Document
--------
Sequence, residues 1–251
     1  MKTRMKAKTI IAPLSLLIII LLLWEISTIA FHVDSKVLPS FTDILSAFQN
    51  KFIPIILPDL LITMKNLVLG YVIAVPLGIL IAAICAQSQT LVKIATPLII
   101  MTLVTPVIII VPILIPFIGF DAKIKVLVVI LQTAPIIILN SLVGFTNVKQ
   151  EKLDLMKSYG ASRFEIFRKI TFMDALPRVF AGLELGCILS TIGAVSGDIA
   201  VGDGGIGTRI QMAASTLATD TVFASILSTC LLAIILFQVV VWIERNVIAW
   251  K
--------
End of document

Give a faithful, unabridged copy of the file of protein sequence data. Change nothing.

Sequence, residues 1–251
     1  MKTRMKAKTI IAPLSLLIII LLLWEISTIA FHVDSKVLPS FTDILSAFQN
    51  KFIPIILPDL LITMKNLVLG YVIAVPLGIL IAAICAQSQT LVKIATPLII
   101  MTLVTPVIII VPILIPFIGF DAKIKVLVVI LQTAPIIILN SLVGFTNVKQ
   151  EKLDLMKSYG ASRFEIFRKI TFMDALPRVF AGLELGCILS TIGAVSGDIA
   201  VGDGGIGTRI QMAASTLATD TVFASILSTC LLAIILFQVV VWIERNVIAW
   251  K